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Dealing with in-game inflation May 7, 2008

Posted by jeremyliew in business models, economics, game design, game mechanics, games, games 2.0, gaming, mmorpg, virtual goods.

Siqi Chen, CEO of Serious Business (publisher of the Friends for Sale game), pointed me to an excellent white paper on the money supply impacts on an online economy recently.

It notes that in most games, players control the rate at which new cash is introduced into the economy. To avoid hyper-inflation, it recommends four steps:

Consumables are important in creating new Cash – If large amounts of new cash can be created without consumables, then there is no economic brake on cash creation.

Players set the prices of Consumable – This is the other side of the coin, since only player set prices can legitimately respond to changes in the money supply. Attempting to do this programmatically in such a diverse economy as a typical MMO is to invite failure. National governments have not been able to do this.

Fixed drains need to be in place – This provides a mechanism to remove a Crafter who is economically irrational from the business game, as well as to provide equilibrium in prices and money supply. Thus a regular fixed cash fee for doing business is required, and set by the game.

Variable Drains via percentage commission of the sale need to be in place – This provides a damper that mitigates wild swings in the money supply. Fictionally Sales commissions provide this damper. The percentage is set by the game, on Facility Type basis.

People building social games should read the whole thing.


1. Out to Pasture » Blog Archive » Links 5-6-08 - May 7, 2008

[…] Lightspeed points to a white paper on in-game inflation […]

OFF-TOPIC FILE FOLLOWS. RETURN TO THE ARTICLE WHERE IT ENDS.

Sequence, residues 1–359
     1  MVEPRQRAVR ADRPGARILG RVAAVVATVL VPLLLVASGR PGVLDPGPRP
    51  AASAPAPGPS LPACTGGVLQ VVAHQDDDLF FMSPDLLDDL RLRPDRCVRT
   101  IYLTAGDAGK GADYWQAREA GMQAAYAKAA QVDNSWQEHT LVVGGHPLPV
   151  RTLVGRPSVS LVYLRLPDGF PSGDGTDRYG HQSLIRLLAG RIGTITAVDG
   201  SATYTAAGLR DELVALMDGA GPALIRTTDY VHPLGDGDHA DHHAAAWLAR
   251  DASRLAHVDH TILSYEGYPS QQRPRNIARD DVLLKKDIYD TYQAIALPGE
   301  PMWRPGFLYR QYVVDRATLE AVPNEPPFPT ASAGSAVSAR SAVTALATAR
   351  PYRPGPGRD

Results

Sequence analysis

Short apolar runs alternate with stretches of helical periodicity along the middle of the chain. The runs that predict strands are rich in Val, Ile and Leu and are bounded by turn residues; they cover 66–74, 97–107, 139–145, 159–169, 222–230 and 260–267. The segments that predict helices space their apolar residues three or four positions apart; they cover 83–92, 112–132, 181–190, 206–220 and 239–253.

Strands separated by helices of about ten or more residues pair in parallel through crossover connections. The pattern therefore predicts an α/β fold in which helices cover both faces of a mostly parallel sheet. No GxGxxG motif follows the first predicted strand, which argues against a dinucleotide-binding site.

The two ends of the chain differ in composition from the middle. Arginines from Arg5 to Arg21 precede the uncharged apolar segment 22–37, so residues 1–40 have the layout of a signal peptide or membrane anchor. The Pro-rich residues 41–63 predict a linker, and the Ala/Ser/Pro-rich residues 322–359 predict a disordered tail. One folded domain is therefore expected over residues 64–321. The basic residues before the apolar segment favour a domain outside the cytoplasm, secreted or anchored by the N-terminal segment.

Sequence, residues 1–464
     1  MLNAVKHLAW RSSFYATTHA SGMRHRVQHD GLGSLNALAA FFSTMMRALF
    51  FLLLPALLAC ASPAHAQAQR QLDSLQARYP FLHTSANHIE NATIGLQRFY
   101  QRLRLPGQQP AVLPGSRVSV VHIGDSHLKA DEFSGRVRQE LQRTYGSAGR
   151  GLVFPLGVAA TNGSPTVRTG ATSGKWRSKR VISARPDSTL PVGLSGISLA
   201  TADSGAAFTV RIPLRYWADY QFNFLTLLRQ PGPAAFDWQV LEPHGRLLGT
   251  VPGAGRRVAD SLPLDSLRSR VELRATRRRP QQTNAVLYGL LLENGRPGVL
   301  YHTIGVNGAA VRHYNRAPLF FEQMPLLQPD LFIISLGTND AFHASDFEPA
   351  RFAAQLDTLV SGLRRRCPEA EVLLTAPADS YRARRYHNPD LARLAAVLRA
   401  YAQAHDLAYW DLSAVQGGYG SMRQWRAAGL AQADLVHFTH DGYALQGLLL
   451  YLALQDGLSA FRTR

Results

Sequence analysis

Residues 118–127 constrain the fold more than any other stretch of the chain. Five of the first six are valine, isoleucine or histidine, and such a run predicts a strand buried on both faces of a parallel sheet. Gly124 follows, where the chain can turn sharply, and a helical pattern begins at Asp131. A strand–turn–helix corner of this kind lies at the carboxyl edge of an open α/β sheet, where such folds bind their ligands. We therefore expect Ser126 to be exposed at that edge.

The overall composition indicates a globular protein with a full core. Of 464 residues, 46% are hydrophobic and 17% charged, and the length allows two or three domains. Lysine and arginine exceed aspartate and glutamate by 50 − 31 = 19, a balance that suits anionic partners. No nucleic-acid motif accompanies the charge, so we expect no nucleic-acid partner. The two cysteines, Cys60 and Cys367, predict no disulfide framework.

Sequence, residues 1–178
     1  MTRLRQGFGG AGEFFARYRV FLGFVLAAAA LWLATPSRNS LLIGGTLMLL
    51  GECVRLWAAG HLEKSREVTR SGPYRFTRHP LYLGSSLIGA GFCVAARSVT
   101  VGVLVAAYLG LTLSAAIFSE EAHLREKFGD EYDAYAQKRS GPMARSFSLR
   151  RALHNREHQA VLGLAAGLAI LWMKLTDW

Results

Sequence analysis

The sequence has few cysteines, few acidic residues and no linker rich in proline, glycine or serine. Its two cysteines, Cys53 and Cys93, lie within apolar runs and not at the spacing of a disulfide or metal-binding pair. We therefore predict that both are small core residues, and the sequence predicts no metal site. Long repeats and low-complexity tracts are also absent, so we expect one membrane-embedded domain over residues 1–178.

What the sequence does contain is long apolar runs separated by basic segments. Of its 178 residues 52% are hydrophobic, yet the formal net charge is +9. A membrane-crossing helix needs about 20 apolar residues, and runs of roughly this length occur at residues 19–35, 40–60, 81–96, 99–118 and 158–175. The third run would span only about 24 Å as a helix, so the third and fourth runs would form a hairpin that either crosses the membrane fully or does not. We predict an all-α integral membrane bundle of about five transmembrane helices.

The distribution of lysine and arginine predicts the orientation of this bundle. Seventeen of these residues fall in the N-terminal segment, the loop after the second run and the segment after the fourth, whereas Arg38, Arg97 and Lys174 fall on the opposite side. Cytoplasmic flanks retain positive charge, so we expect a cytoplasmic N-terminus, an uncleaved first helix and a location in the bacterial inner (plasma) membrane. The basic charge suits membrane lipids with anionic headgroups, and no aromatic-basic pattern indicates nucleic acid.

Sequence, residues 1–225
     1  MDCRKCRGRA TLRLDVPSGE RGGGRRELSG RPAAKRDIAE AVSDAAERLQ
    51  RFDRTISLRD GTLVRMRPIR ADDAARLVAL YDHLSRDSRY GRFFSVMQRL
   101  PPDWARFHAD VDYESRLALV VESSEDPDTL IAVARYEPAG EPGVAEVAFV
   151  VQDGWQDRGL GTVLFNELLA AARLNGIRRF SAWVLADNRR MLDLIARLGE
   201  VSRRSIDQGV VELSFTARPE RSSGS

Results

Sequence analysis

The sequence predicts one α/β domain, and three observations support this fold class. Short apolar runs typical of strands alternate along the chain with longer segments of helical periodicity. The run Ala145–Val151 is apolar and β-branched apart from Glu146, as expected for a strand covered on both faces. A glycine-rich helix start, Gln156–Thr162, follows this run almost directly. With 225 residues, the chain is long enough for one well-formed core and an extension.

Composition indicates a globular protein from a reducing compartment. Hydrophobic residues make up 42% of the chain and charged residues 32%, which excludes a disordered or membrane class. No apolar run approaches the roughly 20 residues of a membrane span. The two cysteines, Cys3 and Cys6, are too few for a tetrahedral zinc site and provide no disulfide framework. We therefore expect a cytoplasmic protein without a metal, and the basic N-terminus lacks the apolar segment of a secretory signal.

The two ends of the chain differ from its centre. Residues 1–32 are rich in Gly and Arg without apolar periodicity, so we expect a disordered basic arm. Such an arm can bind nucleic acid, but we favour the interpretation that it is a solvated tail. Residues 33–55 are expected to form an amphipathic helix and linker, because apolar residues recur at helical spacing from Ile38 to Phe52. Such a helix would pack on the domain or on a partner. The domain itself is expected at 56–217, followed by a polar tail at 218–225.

2. Mike Gowen - May 7, 2008
3. David - May 14, 2008

The same as with real world inflation applies. Virtual currency hyper inflation is caused by too much money being created. In the real world this is done by credit boubles (often encouraged by the gov) or just a corrupt covernment printing money. In MMOs this is caused by unbalanced updates, introducing too powerful items/skills, or simply exploits, creating currency. As long as exploits and unbalanced updates are non-existant, there will always be some natural drain of money thatnks to players leaving the game and so on.

The MMORPG business is amazing, and it will grow too. The sky is the limit.

4. More on designing in-game economies « Lightspeed Venture Partners Blog - May 15, 2008

[…] today about designing games with gold farmers in mind. I recently noted some of the challenges of dealing with in game inflation when designing games. This panel deals with some other game design challenges when you have a virtual economy: On the […]

5. Inside Social Games » Controlling Inflation in Social MMOs - September 15, 2008

[…] about tackling in-game inflation and has also published a white paper on the subject (originally found by Siqi Chen via Jeremy Liew). He states that most MMOs tend towards hyper-inflation because they […]

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